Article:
Number 13 of My Top 31 Horror Movies : A secretary embezzles $40,000 from her employer’s client, goes on the run, and checks into a remote motel run by a young man under the domination of his mother. : PSYCHO the grand daddy of all Hitchcock movies… how can you not be overcome with terror at Bernard Herrmann’s intrusive, iconic stringed score, gasp with wonder at the beauty of Janet Leigh’s Marion Crane but most of all shudder with genuine fear when the curtain is pulled back on Norman Bates personality disorder : as far as my favorite scenes in Psycho go there are just too many to mention, but obviously the shower scene & it’s aftermath are the most memorable, with Anthony Perkins in terrifying form, the effectiveness of John L. Russell’s black-and-white photography leaves you speechless at times with the opening shots of Marion lying of the bed in the hotel room, the atmospheric road trip and our first glimpse of the Bates Motel being fine examples, all of which are breathtaking, one of my favorite moments in the film is the scene when Arbogast gets stabbed on the stairs, the camera work of him falling backwards and then getting attacked again is something else, Martin Balsam who plays the private detective is superb : Psycho was shot at Revue Studios with a budget of around $800,000 and was released in 1960 becoming a box office smash for Alfred Hitchcock and receiving Four Oscar Nominations, with it’s star Janet Leigh winning a Golden Globe for her performance (trivia: the official theatrical trailer for the movie back in 1960 was over six minutes long) : if Rear Window, Vertigo and North by Northwest didn’t cement Hitchcock’s filmmaking legacy then Psycho certainly did, giving us an early taste of the slasher movie with two great performances and a haunting Herrmann score ★★★★★
Back in the late 90’s Ritchie was one of the most exciting new filmmaker’s to hit our screens, from his witty, violent debut Lock Stock and Two Smoking Barrels followed by the equally brilliant Snatch these film’s were packed with his trademark visual stamp of quick, witty storytelling with a side helping of brutality and colorful if not likeable characters, he was a filmmaker on top of his game but then things got complicated, Ritchie met and married Madonna and in my opinion his focus went, 2002’s Swept Away was a shocker and in 2005 and 2008 respectively came two average and somewhat lackluster efforts in Revolver and Rock’n’Rolla both movies written & directed by Ritchie with both failing to ignite the passion of old – then in 2009 after his marriage to Madonna was over the unthinkable happened, Hollywood came calling and Ritchie sold his soul to the devil, churning out two big screen, big budget Sherlock Holmes movies that sadly added nothing new to the genre and did very little to bring Ritchie out of his career spiraling doldrums – yes OK the movies did good business at the box office but in fairness these two films that starred Robert Downey Jr could have been directed by any action movie director, it seemed that Ritchie’s originality had vanished and was replaced by an imposter….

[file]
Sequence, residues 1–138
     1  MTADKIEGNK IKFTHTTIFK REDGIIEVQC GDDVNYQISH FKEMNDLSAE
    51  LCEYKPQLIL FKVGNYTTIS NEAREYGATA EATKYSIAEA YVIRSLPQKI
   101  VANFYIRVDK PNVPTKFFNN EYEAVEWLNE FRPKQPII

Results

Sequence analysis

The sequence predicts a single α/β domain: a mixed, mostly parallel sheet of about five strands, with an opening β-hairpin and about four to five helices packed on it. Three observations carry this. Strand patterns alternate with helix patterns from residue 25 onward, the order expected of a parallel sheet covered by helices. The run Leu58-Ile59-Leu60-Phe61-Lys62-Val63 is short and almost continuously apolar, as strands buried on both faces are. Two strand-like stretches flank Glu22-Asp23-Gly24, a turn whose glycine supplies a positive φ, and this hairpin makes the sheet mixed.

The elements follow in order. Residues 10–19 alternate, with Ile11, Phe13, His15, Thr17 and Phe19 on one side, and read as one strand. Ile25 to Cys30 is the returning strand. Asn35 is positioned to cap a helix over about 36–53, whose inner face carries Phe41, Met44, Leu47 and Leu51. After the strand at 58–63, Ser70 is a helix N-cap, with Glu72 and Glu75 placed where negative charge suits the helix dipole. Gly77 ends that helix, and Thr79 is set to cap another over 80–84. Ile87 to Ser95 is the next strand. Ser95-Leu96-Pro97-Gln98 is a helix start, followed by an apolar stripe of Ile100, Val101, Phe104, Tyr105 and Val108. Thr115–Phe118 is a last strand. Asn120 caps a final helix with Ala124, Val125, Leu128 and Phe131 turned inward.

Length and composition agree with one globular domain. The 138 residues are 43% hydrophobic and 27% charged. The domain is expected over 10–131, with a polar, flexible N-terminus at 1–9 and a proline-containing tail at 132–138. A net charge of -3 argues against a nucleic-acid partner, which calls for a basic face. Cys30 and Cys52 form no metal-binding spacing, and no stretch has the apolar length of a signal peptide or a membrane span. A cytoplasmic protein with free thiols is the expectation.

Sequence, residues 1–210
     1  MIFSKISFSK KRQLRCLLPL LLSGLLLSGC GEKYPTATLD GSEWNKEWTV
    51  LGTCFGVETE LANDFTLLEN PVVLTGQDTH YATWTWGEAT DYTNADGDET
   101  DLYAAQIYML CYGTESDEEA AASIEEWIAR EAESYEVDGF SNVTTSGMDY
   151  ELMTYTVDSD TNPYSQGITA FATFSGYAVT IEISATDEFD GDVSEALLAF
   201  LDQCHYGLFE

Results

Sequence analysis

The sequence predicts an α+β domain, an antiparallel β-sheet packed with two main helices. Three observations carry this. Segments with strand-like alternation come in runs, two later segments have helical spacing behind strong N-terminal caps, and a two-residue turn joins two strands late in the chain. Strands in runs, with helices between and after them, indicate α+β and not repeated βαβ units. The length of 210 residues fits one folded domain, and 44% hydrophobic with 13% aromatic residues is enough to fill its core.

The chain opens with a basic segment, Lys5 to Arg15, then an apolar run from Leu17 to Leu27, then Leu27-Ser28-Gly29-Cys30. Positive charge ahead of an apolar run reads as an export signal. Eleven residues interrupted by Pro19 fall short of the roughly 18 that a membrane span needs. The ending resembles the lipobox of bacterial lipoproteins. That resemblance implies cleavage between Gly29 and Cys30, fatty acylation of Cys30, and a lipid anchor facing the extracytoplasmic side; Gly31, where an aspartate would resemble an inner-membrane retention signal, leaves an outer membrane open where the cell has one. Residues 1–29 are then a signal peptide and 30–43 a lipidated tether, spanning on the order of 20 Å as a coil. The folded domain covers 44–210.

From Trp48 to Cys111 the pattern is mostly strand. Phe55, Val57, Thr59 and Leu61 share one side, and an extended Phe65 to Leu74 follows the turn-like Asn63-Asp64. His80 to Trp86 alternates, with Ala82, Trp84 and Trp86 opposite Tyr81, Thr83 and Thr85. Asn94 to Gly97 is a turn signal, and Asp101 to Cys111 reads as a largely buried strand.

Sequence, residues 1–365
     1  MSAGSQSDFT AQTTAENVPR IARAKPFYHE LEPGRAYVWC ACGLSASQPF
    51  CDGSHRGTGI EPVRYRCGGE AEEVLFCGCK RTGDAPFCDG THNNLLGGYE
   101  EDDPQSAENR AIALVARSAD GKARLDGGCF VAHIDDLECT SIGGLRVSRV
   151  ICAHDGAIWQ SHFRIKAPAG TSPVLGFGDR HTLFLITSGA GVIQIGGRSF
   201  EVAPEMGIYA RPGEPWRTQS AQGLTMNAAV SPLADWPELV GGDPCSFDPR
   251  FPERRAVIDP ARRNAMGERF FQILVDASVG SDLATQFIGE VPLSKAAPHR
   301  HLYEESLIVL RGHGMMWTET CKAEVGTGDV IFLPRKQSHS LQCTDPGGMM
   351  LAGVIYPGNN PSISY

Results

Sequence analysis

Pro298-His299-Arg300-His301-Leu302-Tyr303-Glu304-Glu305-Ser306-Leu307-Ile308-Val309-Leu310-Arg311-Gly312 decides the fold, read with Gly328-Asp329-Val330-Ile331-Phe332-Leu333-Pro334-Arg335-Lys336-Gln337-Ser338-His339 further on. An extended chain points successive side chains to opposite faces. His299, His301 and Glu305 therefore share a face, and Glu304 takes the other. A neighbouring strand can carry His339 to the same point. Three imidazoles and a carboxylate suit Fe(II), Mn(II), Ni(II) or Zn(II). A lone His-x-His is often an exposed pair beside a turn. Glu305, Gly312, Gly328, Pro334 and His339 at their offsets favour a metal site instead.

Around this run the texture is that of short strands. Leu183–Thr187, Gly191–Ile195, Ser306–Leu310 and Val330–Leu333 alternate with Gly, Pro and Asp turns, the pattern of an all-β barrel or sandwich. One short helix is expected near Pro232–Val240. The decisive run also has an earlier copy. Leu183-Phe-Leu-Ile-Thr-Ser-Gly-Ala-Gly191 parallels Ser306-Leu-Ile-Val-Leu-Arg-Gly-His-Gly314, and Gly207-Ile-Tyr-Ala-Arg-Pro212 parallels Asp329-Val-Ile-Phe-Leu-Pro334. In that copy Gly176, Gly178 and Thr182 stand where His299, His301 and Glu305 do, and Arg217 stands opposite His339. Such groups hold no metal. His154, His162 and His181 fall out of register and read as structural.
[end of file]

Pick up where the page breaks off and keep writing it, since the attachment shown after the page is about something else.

Four Years later…. and Guy Ritchie brings us yet another big budget, Hollywood action movie but before you * sigh and say really? * this one unlike the Holmes movies has a special ingredient, from start to finish Guy was totally involved in the writing process – so here’s what I thought….
MAN FROM U.N.C.L.E is super stylish, quick witted and contains some of the slickest action scenes I’ve seen in the cinema this year – keeping the setting of the movie in the 60s was a master stroke, the magic of the music, the gorgeous locations & dare I say it the striking beauty of its cast enhanced my overall enjoyment of the film – the relationship between Cavill’s Napoleon Solo and Hammer’s Illya Kuryakin is the real gut of the movie, as actors they oozed chemistry both delivering their finest screen work to date, Cavill looking more at ease playing a super spy rather than Superman and showing me that he is easily the front runner to replace Craig as the next Bond, it’s easily his best screen role to date – Ritchie’s witty screenplay allows each of their characters to come to the fore, Solo’s wisecracking and Kuryakin’s anger issues make for a delicious cocktail of respect & bad ass rivalry allowing us the viewer to have so much fun watching it all play out !! ★★★★½
Here’s two new images from movies that already have my film juices flowing – the top still is from Guy Ritchie’s The Man from U.N.C.L.E. yep that one! based on the popular 1960s TV series and stars Henry Cavill, Armie Hammer, Alicia Vikander, Elizabeth Debicki and Jared Harris – and the bottom image is from EVEREST starring Jason Clarke, Josh Brolin, John Hawkes and Jake Gyllenhaal and is directed by Baltasar Kormákur – Enjoy !!